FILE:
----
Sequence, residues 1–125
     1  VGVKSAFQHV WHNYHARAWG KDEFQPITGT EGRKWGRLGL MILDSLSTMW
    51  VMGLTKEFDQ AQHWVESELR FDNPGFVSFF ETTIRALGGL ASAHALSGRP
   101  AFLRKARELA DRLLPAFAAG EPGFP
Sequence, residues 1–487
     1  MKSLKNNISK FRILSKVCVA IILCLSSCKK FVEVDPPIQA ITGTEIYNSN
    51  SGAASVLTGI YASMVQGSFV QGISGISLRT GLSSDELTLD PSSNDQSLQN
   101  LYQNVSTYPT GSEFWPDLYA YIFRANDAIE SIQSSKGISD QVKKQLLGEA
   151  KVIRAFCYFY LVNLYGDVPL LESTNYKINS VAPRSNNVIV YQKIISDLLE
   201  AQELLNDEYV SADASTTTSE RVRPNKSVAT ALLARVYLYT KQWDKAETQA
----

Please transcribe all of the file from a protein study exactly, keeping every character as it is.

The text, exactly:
Sequence, residues 1–125
     1  VGVKSAFQHV WHNYHARAWG KDEFQPITGT EGRKWGRLGL MILDSLSTMW
    51  VMGLTKEFDQ AQHWVESELR FDNPGFVSFF ETTIRALGGL ASAHALSGRP
   101  AFLRKARELA DRLLPAFAAG EPGFP
Sequence, residues 1–487
     1  MKSLKNNISK FRILSKVCVA IILCLSSCKK FVEVDPPIQA ITGTEIYNSN
    51  SGAASVLTGI YASMVQGSFV QGISGISLRT GLSSDELTLD PSSNDQSLQN
   101  LYQNVSTYPT GSEFWPDLYA YIFRANDAIE SIQSSKGISD QVKKQLLGEA
   151  KVIRAFCYFY LVNLYGDVPL LESTNYKINS VAPRSNNVIV YQKIISDLLE
   201  AQELLNDEYV SADASTTTSE RVRPNKSVAT ALLARVYLYT KQWDKAETQA